Saturday, November 9, 2013



This is the time of year when the falling leaves and the liturgy conspire to turn our thoughts once again to the so-called "last things," the end-time and our own mortality.

Coincidentally, today, November 9, is the feast of the dedication of the Pope’s parish Church in Rome, the Basilica of Saint John Lateran.  Many of the readings and songs on this feast add to the theme of the end time: the Church as the communion of saints in heaven and on earth, for example, and the vision of the heavenly Jerusalem coming down from heaven.

As I was reflecting on these things this morning I thought of the words of the Creed we recite each Sunday, “I look forward to the resurrection of the dead and the life of the world to come,” and the equivalent in the Apostles’ Creed, “I believe in the resurrection of the body and life everlasting.”


If I’m not careful I can start thinking of “life everlasting” in terms of the only life I really know: My life just keeps going on forever... and ever... for countless billions of years. Now, I don’t know how that makes you feel, but that prospect makes me want to yawn. After a few billion years it would get boring as hell.

The good news is that that Jesus Christ adds to this concept something absolutely crucial: We’re not just “immortal humans,” but we’re given the literally indescribable gift of living in Him and in the Father in a union of LOVE. It’s indescribable. St. Paul warns us not to bother wondering about what it will actually be like, because we’ll never even begin to come close to the truth:
"Eye has not seen, nor ear heard,
Nor have entered into the heart of man
The things which God has prepared for those who love him." (1 Cor.2:9) 


But even this can leave us with simply the belief of "pie in the sky when we die" unless we make
still another escape from our limited human way of thinking. More good news: Jesus assures us "The Kingdom of God is among you." Our transformation has already begun! We are already being transformed into Christ. We are His presence wherever we are, whether in our workplace or at home or at the mall, we are Christ. And so is each person we encounter. Heaven is breaking in all round us today, here and now.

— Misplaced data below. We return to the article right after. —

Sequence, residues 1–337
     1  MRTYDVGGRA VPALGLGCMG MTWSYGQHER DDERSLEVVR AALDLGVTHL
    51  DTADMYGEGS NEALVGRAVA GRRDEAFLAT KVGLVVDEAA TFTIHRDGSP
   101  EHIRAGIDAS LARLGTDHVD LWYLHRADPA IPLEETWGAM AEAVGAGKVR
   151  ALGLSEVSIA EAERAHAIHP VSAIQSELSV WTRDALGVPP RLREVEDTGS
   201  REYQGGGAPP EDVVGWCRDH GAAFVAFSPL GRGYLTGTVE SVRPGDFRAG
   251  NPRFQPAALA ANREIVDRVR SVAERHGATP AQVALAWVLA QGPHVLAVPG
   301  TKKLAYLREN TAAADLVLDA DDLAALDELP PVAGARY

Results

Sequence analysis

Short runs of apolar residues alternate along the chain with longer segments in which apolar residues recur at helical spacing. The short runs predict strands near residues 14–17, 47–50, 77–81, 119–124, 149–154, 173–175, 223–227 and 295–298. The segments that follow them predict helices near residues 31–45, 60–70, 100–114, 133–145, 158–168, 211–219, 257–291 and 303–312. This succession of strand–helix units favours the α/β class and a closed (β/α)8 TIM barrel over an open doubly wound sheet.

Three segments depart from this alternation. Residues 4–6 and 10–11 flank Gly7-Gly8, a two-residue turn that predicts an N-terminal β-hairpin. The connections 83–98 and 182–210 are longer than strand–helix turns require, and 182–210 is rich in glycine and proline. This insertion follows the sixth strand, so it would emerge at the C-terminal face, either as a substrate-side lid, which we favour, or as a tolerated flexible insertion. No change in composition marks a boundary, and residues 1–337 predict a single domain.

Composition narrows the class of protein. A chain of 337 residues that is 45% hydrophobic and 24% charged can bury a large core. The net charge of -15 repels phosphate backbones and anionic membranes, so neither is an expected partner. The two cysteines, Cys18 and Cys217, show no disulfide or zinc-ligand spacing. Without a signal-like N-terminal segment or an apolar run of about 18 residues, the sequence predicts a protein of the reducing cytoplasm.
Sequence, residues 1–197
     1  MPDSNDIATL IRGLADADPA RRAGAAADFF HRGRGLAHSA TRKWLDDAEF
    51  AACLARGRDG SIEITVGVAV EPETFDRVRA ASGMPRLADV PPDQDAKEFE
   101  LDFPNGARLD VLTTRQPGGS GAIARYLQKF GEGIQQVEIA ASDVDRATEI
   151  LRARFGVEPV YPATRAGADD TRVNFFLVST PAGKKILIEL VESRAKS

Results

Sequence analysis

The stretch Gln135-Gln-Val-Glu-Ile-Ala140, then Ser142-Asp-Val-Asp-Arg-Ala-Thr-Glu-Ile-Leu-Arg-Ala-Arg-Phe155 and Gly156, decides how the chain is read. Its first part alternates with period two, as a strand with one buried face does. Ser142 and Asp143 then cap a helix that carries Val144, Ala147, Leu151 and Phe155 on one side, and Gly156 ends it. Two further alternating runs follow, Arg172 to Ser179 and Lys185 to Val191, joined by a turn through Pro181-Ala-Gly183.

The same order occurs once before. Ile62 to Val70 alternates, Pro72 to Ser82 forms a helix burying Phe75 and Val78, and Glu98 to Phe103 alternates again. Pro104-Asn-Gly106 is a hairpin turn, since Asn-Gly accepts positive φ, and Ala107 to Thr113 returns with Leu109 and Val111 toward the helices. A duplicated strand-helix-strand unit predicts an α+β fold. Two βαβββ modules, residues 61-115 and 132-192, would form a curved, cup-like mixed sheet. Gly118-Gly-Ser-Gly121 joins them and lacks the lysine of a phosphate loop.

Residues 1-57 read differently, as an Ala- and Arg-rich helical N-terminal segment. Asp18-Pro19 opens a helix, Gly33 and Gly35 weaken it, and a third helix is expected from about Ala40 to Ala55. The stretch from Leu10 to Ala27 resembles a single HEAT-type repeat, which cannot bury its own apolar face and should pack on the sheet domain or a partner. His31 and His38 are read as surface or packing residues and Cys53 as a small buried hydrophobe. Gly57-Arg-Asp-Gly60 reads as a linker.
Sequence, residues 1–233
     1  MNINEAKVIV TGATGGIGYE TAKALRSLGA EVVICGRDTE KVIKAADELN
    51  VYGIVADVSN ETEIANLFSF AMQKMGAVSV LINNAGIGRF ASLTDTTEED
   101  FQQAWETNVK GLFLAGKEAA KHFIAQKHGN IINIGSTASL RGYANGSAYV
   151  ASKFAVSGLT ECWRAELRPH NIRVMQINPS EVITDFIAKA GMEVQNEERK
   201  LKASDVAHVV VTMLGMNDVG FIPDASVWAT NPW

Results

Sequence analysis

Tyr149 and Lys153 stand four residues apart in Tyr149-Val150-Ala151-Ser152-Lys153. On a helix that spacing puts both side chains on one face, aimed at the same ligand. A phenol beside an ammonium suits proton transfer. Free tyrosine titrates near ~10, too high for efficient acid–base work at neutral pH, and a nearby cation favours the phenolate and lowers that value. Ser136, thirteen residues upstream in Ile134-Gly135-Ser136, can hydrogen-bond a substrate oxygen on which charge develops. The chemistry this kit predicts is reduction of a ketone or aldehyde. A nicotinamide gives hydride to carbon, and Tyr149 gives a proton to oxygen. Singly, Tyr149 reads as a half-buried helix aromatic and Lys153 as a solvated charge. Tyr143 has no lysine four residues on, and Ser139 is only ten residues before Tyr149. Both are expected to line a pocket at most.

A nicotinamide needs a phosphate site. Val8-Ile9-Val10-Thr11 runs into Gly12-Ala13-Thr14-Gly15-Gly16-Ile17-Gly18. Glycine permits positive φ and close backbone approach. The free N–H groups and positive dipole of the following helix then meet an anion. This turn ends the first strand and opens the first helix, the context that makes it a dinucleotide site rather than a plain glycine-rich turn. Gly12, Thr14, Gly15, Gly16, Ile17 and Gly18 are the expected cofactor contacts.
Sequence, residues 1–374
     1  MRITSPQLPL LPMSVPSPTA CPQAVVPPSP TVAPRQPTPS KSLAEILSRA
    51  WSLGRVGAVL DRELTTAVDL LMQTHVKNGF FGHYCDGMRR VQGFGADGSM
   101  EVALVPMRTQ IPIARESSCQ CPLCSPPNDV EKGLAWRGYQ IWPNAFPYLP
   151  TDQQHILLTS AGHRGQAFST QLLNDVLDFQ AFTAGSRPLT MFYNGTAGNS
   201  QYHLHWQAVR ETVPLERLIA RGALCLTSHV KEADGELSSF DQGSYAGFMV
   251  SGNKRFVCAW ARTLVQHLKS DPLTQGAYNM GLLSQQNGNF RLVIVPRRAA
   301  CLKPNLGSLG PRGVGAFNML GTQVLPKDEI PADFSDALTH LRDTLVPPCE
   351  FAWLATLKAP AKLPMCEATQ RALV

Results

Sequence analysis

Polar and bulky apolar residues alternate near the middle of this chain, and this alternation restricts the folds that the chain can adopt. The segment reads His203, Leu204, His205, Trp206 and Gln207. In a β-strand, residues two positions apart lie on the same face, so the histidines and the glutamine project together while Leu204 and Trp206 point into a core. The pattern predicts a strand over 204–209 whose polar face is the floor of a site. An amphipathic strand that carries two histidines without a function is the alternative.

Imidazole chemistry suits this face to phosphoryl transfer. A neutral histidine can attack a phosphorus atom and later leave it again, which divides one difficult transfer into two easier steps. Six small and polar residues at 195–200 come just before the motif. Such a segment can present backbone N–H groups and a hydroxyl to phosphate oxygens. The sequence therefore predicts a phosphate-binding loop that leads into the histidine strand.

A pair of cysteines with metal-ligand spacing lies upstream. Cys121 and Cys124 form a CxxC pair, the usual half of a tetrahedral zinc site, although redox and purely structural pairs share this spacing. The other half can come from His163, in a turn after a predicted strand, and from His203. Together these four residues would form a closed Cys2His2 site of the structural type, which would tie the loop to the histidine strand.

In the gospel for Sunday, Nov. 10, the Sadducees, who do not believe in a resurrection of the dead, ask Jesus the inane question about whose wife will that widow of seven husbands be. They do that deliberately to try to make Jesus look silly. But in our unguarded moments we who believe in a resurrection of the dead can also ask equally inane questions: Will there be pepperoni pizza in Heaven? Will I see my dog Fido in Heaven? Will there be soccer in heaven? What age will my resurrected body be in heaven? Those are bad questions. Paul's advice to the Corinthians is worth repeating here: 

"Eye has not seen, nor ear heard,
Nor have entered into the heart of man
The things which God has prepared for those who love him." (1 Cor.2:9) 

Jesus offers us a much more positive set of question to ask:

- How am I reflecting God's boundless love to the people around me?
- How am I being Christ to my sisters and brothers today?
- How am I already living out the life of God's eternal love in my home, my place of work?

These are the things we need to be worried about. We need to be building up the Kingdom NOW, foreshadowing and even hastening the everlasting love of heaven.

Let God worry about the pizza and the pets in heaven!  

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